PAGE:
Making Your Holidays Happy Even When You Really Don’t Feel Like It

Does the following sentence send a chill down your spine?

holiday-stress682x260-280x250The holidays are coming.

If reading that made you break out in a cold sweat, then you’re like a lot of folks who find it difficult to be jolly when the holidays are crammed down your throat.

What if you could actually have a good time this holiday season, or at least not a crappy one?  Would you be interested? Then consider the following tips an early Christmas present:

Stop Attempting Perfection

Attempting to have “perfect” holidays is absolutely futile. You’ll never do it and this “failure” on your part will cause you to seethe and lash out at anyone within a 10-mile radius. I have found that this need for perfection has nothing to do with wanting to create a great holiday experience for your loved ones so much as it has to do with “keeping up with the Joneses.” Heck, not just keeping up with them but showing the world you’re better than the Joneses. Your cookies are more delicious AND you’ve made 12 different varieties ALL from scratch; Your decorations are not only the best on the block but worthy of being displayed in Rockefeller Center; your gifts are more expensive, your party more memorable and your family is 1000 times happier than any other family on the planet. Yeah right. Stop obsessing over perfection and start focusing on doing the best you can with what you have this year.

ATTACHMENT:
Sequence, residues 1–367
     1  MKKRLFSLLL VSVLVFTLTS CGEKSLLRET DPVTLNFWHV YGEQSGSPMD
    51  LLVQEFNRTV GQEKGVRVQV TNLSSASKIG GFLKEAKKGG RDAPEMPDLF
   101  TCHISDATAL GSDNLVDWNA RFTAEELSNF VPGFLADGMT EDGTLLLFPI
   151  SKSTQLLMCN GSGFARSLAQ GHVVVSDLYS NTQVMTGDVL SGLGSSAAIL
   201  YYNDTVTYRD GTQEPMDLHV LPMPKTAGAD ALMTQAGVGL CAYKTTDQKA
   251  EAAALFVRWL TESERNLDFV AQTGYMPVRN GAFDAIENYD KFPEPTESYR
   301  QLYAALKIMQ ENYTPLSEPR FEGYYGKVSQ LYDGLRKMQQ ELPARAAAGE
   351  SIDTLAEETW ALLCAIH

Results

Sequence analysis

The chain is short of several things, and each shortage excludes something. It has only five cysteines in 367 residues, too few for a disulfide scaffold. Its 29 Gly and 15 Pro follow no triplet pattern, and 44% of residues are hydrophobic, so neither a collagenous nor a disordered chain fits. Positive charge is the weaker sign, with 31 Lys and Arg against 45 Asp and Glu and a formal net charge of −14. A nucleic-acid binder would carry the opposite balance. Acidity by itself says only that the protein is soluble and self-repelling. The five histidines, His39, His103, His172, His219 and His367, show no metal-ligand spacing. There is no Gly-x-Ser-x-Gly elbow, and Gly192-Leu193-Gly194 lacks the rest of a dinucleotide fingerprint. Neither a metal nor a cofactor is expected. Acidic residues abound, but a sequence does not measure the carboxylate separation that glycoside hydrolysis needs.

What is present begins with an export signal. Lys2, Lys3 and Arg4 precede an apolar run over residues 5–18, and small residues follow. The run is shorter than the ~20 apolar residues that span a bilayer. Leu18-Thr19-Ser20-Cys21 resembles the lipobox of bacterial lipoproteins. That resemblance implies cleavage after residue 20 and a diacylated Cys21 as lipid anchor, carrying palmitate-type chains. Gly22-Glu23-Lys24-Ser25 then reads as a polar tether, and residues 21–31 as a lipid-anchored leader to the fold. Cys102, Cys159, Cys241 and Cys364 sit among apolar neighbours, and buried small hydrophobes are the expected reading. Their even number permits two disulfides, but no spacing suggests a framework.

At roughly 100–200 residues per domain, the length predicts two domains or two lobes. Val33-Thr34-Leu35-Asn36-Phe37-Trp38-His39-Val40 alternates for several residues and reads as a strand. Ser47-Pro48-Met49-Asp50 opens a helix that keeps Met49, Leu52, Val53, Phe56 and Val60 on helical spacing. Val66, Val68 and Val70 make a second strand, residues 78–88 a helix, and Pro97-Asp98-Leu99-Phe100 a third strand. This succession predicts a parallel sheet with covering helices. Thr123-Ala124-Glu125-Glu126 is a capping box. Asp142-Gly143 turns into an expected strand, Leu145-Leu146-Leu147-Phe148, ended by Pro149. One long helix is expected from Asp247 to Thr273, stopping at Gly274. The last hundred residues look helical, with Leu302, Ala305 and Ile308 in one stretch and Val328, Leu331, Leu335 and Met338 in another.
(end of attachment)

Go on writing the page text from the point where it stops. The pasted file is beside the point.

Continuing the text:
Stop Trying to Be a Herosay no

The holidays inspire people to say “yes” even when they want to say “no.” Are you nodding your head right now? (That was a trick question – you should have said no!) Seriously though, having too many commitments will lead to major resentment. Most of us are already walking around with a full plate, and then the holidays come around and we take on even more responsibilities because we don’t want to disappoint other people. But guess what? You don’t have to say yes to every holiday party or event. You don’t have to prepare an extra dish to pass when you really don’t have the time. And you don’t have to hand-write 300 cards and lick 300 stamps when you can send a mass-holiday e-card instead. Trying to take on too much is a surefire way to stress yourself out. You CAN say no. Consider this: how do we know Santa said “Ho, ho, ho?” Maybe he said, “No, no, no.”